Opposition-led protests against the government's changes to the electoral law continue

Peaceful Assembly

The extra-parliamentary opposition in the Republic of Moldova continues to protest changes to the electoral system. On 1st October 2017, another protest took place with several hundreds gathered in front of the Ministry of Labor, Social Protection and Family. The crowd chanted anti-government slogans, such as "Down the Mafia". The protesters then gathered at the national television station – Moldova 1 - as opposition leaders claim that the public broadcaster has avoided them and does not invite them to participate in politically-oriented TV programmes.

On 10th October, a group of journalists and civil society members protested in front of the Supreme Council of Magistrates to demand full disclosure of information from court decisions. In an appeal to the Council, 70 NGOs declared that "the new rules would close off the judicial system from the public [and] decrease the trust in the justice system" (translated from Romanian). 


On 16th November 2017, the Chişinău Court of Appeals ruled that President Igor Dodon cannot apply his presidential immunity as it relates to the public interest, as in the case of journalist Contantin Grigoriţă. As previously reported, Grigoriţă decided to sue Dodon for restricting the journalist's access to press conferences organised by the presidential administration. Grigoriţă contests that the President is a high level official obligated to answer questions regardless of the person inquiring, especially if the information is of public interest.  

The third edition of the Moldovan Media Forum was organised in Chisinau from 14th to 15th November 2017. During the event, a Media Forum Resolution was issued condemning instances of the government attempting to limit media freedom. The resolution calls on the authorities to enable an environment for free and open media that benefit the whole society.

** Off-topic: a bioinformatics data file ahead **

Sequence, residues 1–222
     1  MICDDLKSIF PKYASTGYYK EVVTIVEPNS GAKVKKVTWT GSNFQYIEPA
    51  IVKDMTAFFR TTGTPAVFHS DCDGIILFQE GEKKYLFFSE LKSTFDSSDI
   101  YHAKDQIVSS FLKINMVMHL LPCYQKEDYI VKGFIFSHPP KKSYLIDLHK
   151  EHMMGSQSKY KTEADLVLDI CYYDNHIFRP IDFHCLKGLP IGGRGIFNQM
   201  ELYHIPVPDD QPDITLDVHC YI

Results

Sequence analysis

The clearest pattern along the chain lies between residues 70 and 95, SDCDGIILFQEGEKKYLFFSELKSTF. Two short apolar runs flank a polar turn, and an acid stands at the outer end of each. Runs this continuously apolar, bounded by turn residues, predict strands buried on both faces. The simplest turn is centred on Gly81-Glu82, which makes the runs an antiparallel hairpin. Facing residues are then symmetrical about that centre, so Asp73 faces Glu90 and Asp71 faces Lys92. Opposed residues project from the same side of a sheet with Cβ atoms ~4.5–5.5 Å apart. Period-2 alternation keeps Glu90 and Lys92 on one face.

New regulations have come into force in the Republic of Moldova regarding the activity of non-governmental organisations (NGOs), namely that organisations will no longer be registered with the Ministry of Justice, but rather by a newly-established Public Services Agency. The Agency will register political parties, periodicals, press agencies, public associations, foundations, employers' unions, trade unions, mediation organisations and religious sects. The Ministry of Justice, however, retains the right to warn registered entities, if the case of any violation of or deviation from statutory provisions for NGOs. The Ministry can also notify the courts on suspending the activity or liquidation of entities if they carry out any activity that violates the law. At the time of writing, CIVICUS Monitor research partner reported that some in Moldovan civil society view the transfer of responsibilities as a potentially positive development; however, it remains uncertain as to how the new Agency will perform.